Two cases, three different view of reverse domain name hijacking.
Two recent UDRP cases show the inconsistency of how reverse domain name hijacking (RDNH) is applied.
In the first case, Intelligentsia Coffee & Tea, Inc. v. Ashantiplc Ltd, the panel found against the complainant in a dispute over Intelligentsia.com.
In this decision, two of the three panelists said it is the Respondent’s job to prove RDNH.
The majority write:
A majority of the Panel notes that Complainant provided little enough support in its Amended Complaint regarding Respondent’s bad faith that had Respondent pressed the issue, a finding of Reverse Domain Name Hijacking (“RDNH”) —i.e. a finding that Complainant was “using the Policy in bad faith to attempt to deprive a registered domain-name holder of a domain name” —might have been appropriate.
Richard Lyon wrote a concurring decision that argued that RDNH should be found.
“In my view RDNH is a matter the Panel should consider in an appropriate case whether or not a respondent requests it,” he wrote.
Lyon goes on to explain that the purpose of RDNH decisions is not to grant a claim requested by the Respondent, but to protect the integrity of the UDRP process:
A finding of RDNH could be said to be an empty gesture. As with any statement by any panel, it has no collateral estoppel or res judicata effect in any subsequent litigation or administrative proceeding, indeed even in any subsequent Policy proceeding brought by the same party or representative. Limited though this censure may be, though, it is sometimes the only way for a panel to deter future abuse of the Policy and to remind parties and professionals who invoke the Policy of its limits, rules, and means of abuse.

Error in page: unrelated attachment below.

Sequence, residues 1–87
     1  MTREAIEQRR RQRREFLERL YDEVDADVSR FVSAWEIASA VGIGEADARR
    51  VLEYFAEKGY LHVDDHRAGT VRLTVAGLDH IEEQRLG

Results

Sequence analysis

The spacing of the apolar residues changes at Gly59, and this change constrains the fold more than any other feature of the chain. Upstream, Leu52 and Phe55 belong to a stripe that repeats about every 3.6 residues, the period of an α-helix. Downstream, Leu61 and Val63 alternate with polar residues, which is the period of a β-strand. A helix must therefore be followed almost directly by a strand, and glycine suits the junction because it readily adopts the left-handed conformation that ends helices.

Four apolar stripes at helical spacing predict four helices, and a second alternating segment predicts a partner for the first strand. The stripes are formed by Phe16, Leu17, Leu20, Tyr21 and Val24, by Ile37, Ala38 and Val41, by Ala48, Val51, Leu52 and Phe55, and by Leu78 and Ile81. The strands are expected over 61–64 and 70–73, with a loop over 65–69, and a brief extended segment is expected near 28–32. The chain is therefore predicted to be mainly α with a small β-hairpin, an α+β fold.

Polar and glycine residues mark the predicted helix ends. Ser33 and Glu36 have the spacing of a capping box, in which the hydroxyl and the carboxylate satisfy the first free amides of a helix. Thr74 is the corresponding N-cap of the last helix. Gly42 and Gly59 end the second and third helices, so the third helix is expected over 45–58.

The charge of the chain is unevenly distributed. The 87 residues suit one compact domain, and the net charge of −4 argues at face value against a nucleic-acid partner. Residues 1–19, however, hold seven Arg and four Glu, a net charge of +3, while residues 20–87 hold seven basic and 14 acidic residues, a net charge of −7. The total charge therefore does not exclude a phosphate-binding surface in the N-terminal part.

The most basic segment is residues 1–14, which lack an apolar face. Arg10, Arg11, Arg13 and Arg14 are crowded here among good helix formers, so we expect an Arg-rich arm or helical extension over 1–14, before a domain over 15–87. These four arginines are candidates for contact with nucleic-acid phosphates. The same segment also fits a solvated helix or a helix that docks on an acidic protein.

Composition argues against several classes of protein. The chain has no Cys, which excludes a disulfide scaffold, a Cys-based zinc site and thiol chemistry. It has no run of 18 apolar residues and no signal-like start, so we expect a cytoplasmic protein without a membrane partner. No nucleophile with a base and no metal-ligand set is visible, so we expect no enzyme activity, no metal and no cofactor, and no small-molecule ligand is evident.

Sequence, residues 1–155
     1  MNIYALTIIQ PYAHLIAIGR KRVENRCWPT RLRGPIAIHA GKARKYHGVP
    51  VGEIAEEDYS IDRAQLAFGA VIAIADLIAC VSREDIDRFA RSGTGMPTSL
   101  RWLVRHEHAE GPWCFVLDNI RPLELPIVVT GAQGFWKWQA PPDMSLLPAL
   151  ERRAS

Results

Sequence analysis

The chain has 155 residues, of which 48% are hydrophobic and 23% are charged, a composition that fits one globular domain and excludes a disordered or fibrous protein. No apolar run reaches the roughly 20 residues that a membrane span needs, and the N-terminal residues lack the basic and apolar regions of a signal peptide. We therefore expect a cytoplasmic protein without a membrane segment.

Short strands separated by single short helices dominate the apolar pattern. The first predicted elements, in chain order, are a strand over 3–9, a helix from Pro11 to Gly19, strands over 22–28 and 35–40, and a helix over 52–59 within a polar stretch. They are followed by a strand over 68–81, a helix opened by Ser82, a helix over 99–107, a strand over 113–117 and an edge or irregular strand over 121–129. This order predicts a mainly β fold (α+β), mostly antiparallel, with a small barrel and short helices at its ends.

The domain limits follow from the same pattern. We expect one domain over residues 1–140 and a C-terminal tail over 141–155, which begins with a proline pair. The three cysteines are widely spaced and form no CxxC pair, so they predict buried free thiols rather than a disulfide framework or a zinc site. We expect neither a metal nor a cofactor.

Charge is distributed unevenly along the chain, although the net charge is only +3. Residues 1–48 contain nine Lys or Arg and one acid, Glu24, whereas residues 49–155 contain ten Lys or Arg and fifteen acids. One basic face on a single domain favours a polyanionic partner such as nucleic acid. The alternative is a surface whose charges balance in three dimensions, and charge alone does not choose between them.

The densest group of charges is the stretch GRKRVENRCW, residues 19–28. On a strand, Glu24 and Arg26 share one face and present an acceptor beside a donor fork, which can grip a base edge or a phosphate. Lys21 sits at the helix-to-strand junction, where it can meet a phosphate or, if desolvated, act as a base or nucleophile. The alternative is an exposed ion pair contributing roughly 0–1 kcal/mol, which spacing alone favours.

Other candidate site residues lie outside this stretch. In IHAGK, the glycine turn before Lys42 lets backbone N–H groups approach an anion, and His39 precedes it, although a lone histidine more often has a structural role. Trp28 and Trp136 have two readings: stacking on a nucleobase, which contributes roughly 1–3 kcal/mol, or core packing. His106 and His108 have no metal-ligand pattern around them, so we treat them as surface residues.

So, is the majority saying that it was an abuse of the policy, but their hands are tied because the Respondent didn’t “press the issue”?
One view of this approach is that since the Policy doesn’t itself provide any criteria for it, and leaves it up to the Panel in a procedural rule (Rule 15e) – instead of the Policy itself, then the Panel should consider it as a matter of procedure. The UDRP doesn’t even mention RDNH apart from the UDRP Rules of procedure, and it is mentioned under the section of the Rules applying to the Panel, not to the parties.
Lyon’s view is similar to that of Neil Brown, who argues that a panel should consider RDNH regardless of whether the respondent specifically asks or argues for it.
The second case pitted Personally Cool Inc against Frank Schilling’s Name Administration for the domain name CoolFront.com.
In this case — unlike the Intelligentsia.com case — the respondent’s attorney asked for a finding of reverse domain name hijacking. (John Berryhill was the respondent’s attorney in both cases.)
The panel considered that the complainant wasn’t represented by counsel. Panels often give the benefit of the doubt to a complainant that doesn’t use a lawyer. For example, in a case over Imagem.com, the panel determined that the complainant was so misguided that it simply misunderstood the policy.
But the three person panel in Coldfront.com pointed out that this isn’t always an excuse — especially in this case, where the complainant was warned ahead of time by the domain owner why his case would fail:
It is true that Complainant appeared pro se, without counsel, but that is not an excuse for clear disregard for the limitations of the Policy. Rather, when there are questions about the validity of the claim – and especially where Respondent offered detailed information about why a complaint would have no merit – it is incumbent upon the Complainant to research carefully the validity of its claims, including if necessary consulting with experienced counsel.